“Under humanitarian law, effective control over all or parts of a foreign territory may be exercised through surrogate armed forces as long as they are subject to the overall control of the foreign State. Thus, a State could be considered as an Occupying Power when it exercises overall control over de facto local authorities or other local organized groups that are themselves in effective control of all or part of a territory” (§ 363).

And it should be understood that the ICTY in Tadic and subsequently also applied the overall control test specifically to the situation of occupation by proxy (Prosecutor v. Tadić, Trial Chamber, Judgment, 1997 § 584 (“the relationship of de facto organs or agents to the foreign Power includes those circumstances in which the foreign Power ‘occupies’ or operates in certain territory solely through the acts of local de facto organs or agents”); Prosecutor v. Blaškić, Trial Chamber, Judgment, 2000, § 149 (“Croatia played the role of occupying Power through the overall control it exercised over the HVO”); Prosecutor v. Prlić, Appeal Judgment, Case No. IT-95-14-T, 2017, § 325 & 334).

This application of the overall control test for conflict classification purposes in international humanitarian law is consistent as well with the International Criminal Court’s jurisprudence (see, e.g., Prosecutor v. Lubanga, ICC Trial Judgment, 2012, § 541-542 (applying overall control test in context of military occupation); Prosecutor v. Lubanga, ICC Pre-Trial Chamber, Decision on Confirmation of Charges, 2007, § 211 (“where a State does not intervene directly on the territory of another State through its own troops, the overall control test will be used to determine whether armed forces are acting on behalf of the first State. The test will be met where the first State has a role in organising, co-ordinating or planning the military actions of the military group, in addition to financing, training and equipping the group or providing operational support to it.”); Prosecutor v. Bemba, ICC Trial Judgment, 2016, § 130).

In sum, the overall control threshold seems to be the most relevant in establishing whether the situation involves an international armed conflict especially and including belligerent occupation. Such a situation would also mean that the grave breaches regime of the Geneva Conventions would be applicable.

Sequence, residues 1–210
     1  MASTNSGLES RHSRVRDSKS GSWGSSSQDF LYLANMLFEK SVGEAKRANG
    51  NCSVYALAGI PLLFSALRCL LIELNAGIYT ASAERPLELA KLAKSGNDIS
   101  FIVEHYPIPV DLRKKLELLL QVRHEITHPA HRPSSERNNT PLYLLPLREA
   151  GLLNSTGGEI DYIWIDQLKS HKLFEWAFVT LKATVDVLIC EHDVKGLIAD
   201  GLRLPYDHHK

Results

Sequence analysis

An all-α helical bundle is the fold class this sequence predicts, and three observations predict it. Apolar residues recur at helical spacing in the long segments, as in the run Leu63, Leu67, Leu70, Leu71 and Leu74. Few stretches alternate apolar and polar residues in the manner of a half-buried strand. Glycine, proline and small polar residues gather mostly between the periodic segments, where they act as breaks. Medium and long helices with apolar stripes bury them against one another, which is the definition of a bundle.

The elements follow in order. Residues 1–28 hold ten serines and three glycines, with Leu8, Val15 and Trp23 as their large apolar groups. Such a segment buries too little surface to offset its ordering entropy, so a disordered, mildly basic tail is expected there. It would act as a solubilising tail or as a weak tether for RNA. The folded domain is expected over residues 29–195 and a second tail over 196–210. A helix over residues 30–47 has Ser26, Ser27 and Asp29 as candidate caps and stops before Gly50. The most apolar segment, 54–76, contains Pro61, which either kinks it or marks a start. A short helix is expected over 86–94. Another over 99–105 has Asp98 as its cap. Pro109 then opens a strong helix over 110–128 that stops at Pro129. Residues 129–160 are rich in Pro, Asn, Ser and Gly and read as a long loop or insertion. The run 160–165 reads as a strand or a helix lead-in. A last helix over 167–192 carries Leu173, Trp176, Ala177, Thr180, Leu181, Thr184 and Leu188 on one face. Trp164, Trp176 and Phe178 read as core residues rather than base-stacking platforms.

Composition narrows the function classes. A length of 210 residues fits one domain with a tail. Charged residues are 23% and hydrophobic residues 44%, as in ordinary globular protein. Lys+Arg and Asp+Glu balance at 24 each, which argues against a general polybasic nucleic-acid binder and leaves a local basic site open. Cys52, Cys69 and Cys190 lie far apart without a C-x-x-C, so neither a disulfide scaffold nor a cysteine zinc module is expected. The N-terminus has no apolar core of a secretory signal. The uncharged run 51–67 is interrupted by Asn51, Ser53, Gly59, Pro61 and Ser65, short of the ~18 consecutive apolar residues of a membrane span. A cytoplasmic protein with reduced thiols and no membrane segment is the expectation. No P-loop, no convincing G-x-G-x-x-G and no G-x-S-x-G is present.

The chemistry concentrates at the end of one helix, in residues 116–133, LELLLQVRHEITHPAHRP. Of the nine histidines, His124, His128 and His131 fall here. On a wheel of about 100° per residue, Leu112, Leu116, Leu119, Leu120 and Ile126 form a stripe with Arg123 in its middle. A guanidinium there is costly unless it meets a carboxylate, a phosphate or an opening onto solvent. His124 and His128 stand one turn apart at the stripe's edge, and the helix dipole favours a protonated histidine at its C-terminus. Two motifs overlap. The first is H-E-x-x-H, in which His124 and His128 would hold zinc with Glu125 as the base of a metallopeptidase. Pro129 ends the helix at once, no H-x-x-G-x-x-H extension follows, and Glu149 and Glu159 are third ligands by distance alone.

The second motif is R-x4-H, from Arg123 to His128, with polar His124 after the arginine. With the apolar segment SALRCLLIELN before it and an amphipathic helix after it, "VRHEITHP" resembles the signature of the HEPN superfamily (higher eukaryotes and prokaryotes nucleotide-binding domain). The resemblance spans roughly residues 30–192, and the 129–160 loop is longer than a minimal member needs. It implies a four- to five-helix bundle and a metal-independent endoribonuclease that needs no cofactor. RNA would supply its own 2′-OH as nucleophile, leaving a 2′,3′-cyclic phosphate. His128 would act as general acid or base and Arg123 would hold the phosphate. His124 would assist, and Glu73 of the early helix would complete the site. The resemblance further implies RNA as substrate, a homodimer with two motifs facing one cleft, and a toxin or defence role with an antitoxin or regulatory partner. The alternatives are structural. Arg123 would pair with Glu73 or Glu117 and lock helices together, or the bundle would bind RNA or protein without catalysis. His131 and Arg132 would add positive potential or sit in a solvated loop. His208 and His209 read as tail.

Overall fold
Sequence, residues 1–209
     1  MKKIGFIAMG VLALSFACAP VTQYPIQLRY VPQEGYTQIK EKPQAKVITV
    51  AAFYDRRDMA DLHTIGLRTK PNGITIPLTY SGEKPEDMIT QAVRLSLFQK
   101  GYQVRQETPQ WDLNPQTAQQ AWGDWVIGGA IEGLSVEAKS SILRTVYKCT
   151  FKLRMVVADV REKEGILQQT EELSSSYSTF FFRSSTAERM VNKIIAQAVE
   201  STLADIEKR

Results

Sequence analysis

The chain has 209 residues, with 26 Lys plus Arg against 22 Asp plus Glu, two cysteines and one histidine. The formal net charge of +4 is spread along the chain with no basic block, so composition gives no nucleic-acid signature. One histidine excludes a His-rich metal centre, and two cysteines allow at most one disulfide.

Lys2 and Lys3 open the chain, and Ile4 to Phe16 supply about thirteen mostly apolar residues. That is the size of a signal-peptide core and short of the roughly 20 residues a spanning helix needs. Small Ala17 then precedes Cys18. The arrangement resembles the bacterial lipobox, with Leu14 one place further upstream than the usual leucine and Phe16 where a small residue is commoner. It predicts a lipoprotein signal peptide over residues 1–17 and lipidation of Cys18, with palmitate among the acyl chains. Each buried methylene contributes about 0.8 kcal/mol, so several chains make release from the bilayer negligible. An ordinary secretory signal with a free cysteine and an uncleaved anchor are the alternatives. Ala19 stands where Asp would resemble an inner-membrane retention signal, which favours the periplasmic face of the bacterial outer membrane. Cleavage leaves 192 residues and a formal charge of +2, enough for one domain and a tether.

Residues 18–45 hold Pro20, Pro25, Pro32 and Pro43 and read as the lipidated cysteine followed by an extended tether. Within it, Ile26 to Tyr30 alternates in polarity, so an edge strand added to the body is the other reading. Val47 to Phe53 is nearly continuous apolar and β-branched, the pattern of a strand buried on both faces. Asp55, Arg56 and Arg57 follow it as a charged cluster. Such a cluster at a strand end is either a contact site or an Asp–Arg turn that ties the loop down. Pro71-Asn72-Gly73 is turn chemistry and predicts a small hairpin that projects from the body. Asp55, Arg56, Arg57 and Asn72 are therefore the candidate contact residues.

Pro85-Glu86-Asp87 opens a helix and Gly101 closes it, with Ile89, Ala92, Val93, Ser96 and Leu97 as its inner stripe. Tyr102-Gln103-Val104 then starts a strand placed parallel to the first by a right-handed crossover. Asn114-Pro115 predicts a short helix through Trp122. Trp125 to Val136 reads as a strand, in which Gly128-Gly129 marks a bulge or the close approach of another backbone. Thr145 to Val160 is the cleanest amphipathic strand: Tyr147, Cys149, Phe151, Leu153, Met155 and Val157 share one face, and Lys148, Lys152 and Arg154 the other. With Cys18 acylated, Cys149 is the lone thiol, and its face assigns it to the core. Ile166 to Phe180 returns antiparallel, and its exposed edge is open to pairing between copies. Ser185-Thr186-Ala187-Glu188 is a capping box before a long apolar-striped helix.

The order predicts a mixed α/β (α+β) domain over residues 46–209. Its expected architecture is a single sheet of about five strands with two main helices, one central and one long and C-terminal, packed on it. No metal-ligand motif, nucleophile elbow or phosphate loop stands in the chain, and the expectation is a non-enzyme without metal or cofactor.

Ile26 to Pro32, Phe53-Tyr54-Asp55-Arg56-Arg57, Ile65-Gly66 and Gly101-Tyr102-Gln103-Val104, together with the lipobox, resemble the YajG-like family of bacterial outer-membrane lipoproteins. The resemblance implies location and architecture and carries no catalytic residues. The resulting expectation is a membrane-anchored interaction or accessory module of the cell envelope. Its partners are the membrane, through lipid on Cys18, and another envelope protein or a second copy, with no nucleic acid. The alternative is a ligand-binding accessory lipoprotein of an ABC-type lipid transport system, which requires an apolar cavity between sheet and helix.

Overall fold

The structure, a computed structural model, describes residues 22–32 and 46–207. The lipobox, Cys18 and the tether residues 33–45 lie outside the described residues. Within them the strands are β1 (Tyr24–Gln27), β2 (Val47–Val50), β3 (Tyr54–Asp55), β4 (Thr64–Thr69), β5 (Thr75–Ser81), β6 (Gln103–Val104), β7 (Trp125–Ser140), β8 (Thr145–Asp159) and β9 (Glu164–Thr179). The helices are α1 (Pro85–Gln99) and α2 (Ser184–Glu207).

In concluding this analysis, one important aspect should be emphasized concerning establishing the overall control threshold. If proven that a territorial adjacent state has territorial aspirations, that is trying to enlarge its territories via the armed group, it may be relatively easier to prove the overall control threshold. The ICTY stated:

“Where the controlling State in question is an adjacent State with territorial ambitions on the State where the conflict is taking place, and the controlling State is attempting to achieve its territorial enlargement through the armed forces which it controls, it may be easier to establish the threshold.” (emphasis added)

(Tadić, ICTY Appeals Chamber 1999, § 140). Obviously, proving territorial enlargement aspirations are vital in this regard. Should Russia annex the breakaway regions, like it did in the case of Crimea, it will beyond certainty be the case. But that extreme action is not necessary for the application of the ICTY’s analysis.

Applying Overall Control to Establish Proxy Occupation: The Russian case

The overall control test is valuable for establishing when proxy occupation exists. Proxy occupation then consists of three components: 1. the presence of a foreign state and an armed group/de facto authority, neither of which is the legitimate government of the territory in question; 2. the relationship between the two satisfies the overall control test (as developed by the ICTY, ICC, and ICRC); and 3. the armed group or de facto authorities effectively control the territory (or parts of it) as envisaged by Article 42 of the Hague Regulation and Common Article 2 of the Geneva Conventions. The combination of these elements would form the overall test that determines the existence of a proxy occupation. (N. Kalandairshvili-Mueller, Occupation and Control in International Humanitarian Law (Routledge, 2021) at 88).

In the case of Eastern Ukraine, and in light of the recent events, a strong argument can be made that the Donetsk and Luhansk de facto authorities’ actions are very much coordinated with the Russian government and are part of a wider military effort that Russia is carrying out both along the border of Ukraine and inside each breakaway region. The relationship between the Russian government and the separatists from Donetsk and Luhansk were not always easy. Initially, Moscow did not exhibit so much determination and support for the separatists’ cause, unlike in Crimea. It remained much more reserved in extending assistance to the separatists in the Eastern Ukraine and was not that eager to facilitate the creation of Novorossiya (International Crisis Group, Rebels Without the Cause: Russia’s Proxies in Eastern Ukraine (2019) at 8). Yet Moscow continued to help the separatists militarily, but on its own terms (ibid., at 9-10). Moscow, in the initial stage of the conflict, also struggled to control the de facto authorities, who were caught up in internal power struggles involving murders and rivalries. By spring 2019 Moscow solidified control over the Donetsk and Luhansk authorities. (ibid. at 11), after the Russian military had already deeply embedded themselves in the command and control of the military forces of those authorities (see International Crisis Group, Russia and the Separatists in Eastern Ukraine (2016) at 8; Vladimir Peshkov, The Donbas: Back in the USSR, European Council on Foreign Relations, 2016; Donald N. Jensen, Moscow in the Donbas: Command, Control, Crime and the Minsk Peace Process, NATO Defense College Research Report, 2017).